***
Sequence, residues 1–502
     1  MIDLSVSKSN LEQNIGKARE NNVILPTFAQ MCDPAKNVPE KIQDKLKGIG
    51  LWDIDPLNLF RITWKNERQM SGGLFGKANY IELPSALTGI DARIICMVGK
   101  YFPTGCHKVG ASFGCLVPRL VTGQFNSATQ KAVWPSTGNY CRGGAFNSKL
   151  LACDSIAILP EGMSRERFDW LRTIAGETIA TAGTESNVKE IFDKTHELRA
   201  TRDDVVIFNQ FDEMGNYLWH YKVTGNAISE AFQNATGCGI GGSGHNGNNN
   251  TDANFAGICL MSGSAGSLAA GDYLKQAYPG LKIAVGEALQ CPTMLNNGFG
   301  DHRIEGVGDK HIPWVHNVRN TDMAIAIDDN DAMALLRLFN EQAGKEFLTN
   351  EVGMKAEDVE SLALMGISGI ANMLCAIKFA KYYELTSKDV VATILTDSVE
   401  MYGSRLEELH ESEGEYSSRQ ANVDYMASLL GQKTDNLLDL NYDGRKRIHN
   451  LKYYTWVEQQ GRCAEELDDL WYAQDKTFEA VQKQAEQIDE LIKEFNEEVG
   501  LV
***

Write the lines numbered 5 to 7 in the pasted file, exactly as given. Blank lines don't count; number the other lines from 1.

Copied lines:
   151  LACDSIAILP EGMSRERFDW LRTIAGETIA TAGTESNVKE IFDKTHELRA
   201  TRDDVVIFNQ FDEMGNYLWH YKVTGNAISE AFQNATGCGI GGSGHNGNNN
   251  TDANFAGICL MSGSAGSLAA GDYLKQAYPG LKIAVGEALQ CPTMLNNGFG